Consultant neuroradiologist, caught in the Circle Line bombing at Aldgate

"I was reading a book and I think the first thing was that it went dark, and there was a very – like a whoosh, a very strong wind. It almost felt like something electrical, because my hair just went up on end . . . It was very dark, but there was lots of like sparks, just funny feelings. I don't know if that was just, you know, eyes getting used to it being dark. There was a noise, but the noise wasn't the main thing I remember. There was a bang, but the first thing was the darkness, I think, and the train stopped. . .

It was very dark, so it was quite difficult to see anything and then there was somebody that came down the track and said: 'If you can walk . . .' – I seem to think they were saying – 'If you can walk, come to the doors and, you know, come out', basically. And then I noticed some people were going out to the door to my left and then a group of us went to the door to my right and the chap with the torch was very polite and sort of helped everybody – sort of was helping other people to go first and I was staying with him so we – I think we sort of shepherded a little group towards the door.

Well, we got to the doors and people had got off and this chap was waiting to help me down because it seemed like quite a long drop and that was the first time that I actually looked to my right. I think I'd really – I sort of knew something had happened but I hadn't really realised what had happened, and then I looked to my right and I saw that there were people sat on seats trapped by other people and that there was rather a mess really . . . And the lady who was sat in seat 22 sort of looked and said – I think she said something like: 'You can't be leaving us, you're not going to leave us?' And so I said: 'No, no, I'll stay', and I asked – he said: 'Are you sure you want to stay?' or something like that and I said: 'Yes, can I have the torch?' So he left me the torch and he went away."

Elizabeth Kenworthy

Off-duty police officer travelling on the Circle Line at Aldgate. PC Kenworthy, 49, was made an MBE in 2008 in recognition of her response to the bombing.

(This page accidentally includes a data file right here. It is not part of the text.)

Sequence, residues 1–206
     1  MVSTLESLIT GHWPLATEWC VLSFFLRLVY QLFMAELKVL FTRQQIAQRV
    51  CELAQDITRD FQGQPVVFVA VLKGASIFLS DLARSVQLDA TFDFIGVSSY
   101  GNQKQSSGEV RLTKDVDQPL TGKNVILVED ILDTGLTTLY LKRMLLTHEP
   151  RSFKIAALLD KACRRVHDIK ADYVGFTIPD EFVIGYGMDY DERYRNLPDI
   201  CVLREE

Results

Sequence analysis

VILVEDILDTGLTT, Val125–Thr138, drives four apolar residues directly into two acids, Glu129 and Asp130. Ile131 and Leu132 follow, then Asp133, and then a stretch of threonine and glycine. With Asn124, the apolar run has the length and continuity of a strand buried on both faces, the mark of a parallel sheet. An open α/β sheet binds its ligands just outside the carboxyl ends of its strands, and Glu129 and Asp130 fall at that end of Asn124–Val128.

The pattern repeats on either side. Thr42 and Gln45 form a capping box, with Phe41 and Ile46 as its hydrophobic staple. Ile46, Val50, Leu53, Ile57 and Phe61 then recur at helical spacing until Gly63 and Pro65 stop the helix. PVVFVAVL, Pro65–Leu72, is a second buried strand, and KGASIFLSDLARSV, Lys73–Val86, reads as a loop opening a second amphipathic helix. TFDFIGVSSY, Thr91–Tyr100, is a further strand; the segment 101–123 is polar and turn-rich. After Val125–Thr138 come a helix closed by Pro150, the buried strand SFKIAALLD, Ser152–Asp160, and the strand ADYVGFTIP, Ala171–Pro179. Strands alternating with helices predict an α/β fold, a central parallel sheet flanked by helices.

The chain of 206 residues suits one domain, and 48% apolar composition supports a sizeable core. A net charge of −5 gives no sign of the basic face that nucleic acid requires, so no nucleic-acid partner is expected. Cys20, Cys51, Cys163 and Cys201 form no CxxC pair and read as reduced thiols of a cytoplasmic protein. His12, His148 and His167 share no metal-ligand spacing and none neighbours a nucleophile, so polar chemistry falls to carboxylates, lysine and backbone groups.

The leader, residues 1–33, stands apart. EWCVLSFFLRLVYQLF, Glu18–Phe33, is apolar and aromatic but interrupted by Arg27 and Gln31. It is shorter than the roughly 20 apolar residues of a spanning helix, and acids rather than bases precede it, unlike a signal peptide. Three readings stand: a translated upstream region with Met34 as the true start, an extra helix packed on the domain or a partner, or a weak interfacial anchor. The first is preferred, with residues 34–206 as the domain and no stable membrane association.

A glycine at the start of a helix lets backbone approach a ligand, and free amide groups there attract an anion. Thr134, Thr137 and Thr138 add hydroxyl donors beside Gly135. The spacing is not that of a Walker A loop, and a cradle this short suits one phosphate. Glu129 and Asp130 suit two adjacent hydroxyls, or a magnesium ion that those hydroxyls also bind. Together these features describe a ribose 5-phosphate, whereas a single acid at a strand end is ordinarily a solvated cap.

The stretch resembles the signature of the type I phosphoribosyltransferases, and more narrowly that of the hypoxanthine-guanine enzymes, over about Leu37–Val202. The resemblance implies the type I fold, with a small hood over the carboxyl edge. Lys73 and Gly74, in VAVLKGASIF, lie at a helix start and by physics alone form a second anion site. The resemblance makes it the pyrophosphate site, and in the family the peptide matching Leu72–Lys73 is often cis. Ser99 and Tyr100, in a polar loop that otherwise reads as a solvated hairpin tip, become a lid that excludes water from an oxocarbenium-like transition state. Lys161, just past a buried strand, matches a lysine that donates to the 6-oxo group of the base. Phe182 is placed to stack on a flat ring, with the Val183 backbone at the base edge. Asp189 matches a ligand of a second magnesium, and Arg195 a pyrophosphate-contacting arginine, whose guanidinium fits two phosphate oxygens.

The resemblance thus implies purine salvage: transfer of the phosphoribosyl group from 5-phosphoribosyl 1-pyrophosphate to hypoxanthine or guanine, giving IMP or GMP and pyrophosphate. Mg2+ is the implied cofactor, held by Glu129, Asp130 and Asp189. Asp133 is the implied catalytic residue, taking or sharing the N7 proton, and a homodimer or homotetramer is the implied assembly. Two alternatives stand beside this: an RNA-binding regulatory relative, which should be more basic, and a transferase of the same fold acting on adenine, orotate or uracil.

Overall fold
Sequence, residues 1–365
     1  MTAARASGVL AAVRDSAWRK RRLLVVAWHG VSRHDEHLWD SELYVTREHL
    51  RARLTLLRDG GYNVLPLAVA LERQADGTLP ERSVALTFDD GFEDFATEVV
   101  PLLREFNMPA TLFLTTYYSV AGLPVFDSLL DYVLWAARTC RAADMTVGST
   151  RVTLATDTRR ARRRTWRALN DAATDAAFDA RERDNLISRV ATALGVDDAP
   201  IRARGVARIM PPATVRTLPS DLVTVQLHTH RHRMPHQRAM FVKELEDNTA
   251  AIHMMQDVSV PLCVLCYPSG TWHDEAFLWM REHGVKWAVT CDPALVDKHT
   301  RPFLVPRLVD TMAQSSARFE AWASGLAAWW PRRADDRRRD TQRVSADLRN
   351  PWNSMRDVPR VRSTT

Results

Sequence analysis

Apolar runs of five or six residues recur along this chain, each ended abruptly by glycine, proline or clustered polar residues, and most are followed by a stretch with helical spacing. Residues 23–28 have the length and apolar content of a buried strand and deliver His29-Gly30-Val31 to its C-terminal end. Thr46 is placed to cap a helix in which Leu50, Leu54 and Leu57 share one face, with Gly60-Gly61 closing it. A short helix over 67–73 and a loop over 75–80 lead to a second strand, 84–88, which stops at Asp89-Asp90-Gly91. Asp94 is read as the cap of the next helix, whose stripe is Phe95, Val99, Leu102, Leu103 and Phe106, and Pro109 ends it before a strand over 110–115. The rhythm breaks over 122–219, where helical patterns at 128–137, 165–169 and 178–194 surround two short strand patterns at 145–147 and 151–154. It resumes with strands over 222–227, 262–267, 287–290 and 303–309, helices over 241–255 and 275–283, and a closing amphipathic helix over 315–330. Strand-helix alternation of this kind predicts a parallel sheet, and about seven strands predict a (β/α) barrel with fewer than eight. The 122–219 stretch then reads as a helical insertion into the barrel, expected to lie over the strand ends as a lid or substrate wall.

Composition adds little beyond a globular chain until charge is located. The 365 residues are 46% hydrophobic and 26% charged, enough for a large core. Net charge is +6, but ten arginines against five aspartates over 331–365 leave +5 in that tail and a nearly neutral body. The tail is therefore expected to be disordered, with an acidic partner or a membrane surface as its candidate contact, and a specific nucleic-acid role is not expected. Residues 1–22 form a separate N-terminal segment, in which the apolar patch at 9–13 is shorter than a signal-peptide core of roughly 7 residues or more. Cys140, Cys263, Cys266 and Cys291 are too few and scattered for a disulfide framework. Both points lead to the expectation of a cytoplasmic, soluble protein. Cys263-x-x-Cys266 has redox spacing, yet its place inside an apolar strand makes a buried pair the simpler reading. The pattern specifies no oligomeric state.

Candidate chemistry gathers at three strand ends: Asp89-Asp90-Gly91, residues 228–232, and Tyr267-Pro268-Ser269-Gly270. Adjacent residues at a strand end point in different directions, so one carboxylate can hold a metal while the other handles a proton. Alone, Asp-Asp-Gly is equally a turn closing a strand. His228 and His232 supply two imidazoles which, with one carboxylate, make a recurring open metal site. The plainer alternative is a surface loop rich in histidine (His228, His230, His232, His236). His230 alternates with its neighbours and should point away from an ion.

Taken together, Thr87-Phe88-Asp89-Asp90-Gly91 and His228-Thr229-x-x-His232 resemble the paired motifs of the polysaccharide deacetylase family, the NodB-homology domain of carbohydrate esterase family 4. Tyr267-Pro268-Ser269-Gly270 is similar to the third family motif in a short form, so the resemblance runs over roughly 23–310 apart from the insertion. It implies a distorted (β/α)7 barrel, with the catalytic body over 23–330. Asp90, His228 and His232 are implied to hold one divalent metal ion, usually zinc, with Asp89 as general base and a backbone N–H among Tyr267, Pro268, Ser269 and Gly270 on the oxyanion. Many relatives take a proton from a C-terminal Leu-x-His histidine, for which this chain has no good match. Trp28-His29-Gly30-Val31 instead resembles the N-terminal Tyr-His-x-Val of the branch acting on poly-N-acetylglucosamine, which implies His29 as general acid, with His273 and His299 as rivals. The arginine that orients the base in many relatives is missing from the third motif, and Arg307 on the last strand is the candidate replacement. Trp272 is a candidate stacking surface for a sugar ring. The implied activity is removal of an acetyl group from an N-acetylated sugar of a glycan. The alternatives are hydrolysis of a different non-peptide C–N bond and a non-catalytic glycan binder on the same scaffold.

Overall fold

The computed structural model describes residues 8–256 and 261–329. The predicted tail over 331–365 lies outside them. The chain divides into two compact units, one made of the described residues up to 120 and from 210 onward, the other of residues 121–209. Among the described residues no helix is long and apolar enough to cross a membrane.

"I was standing in the middle of the carriage with my bag between my feet. We hadn't been going for hardly any time, really, and suddenly there was a loud bang and the train came to a stop . . . I didn't fall over, nobody else seemed to be hurt. It just came to a very abrupt stop and there was the bang. But people were grumbling to begin with and then we noticed that there was a sort of dust or smoke coming in through the door and I said to my fellow passengers around me, you know: 'Keep calm, you know, we'll be all right, but we mustn't go out on the track because it might be live, or it will be live' . . .

I could hear people shouting and I heard something like 'Doctors, nurses', and I thought: 'This is going to be something much more serious' . . . and that's when I got my warrant card out . . .

I said: 'I'm a police officer, let me through', and I walked up through the carriage . . . People were coming towards me with cuts and, you know, dazed, really, and very dirty . . .

As I approached [the bombed carriage], I could see that, although the side walls of the carriage seemed to be there, the door was twisted and something had obviously happened to the door. . .

[A young man] was lying – he was spreadeagled out . . . I think with his head towards the middle of the carriage and his feet downwards, and he was on a big sheet of metal, and he was moving about on it and moaning and writhing . . . I spoke to him, I said, you know: 'Stay calm, help is coming', you know, 'help is coming, you're going to be all right.' But I weighed up the situation and between me and him there seemed to be like a ravine of metal . . . And I decided that, if I went to him, I would have to leave these people here and I didn't know if I could get back to them, so I decided – he seemed to be the least injured, as far as I could see, so I had to leave him . . .

I could see two figures, black faces, and whites of their eyes, looking at me, and I – again, I shouted to them, you know: 'Help is coming', but they didn't respond to me at all. I just saw their eyes and their bodies sitting there, sitting upright. And they were quite a long way from me . . . across the other side of the carriage . . .

I was talking to [the young man on my right], and he told me his name . . . and he said: 'I've lost my leg, haven't I?' and I said: 'Yes, you have, but you're going to be all right', and all I had was my jacket, so I took it off and I tied it round his leg . . . It wasn't very good, but it was the best thing I could do. I wouldn't even really describe it as a tourniquet, it was more of a dressing or a binding just to stop him from bleeding to death . . .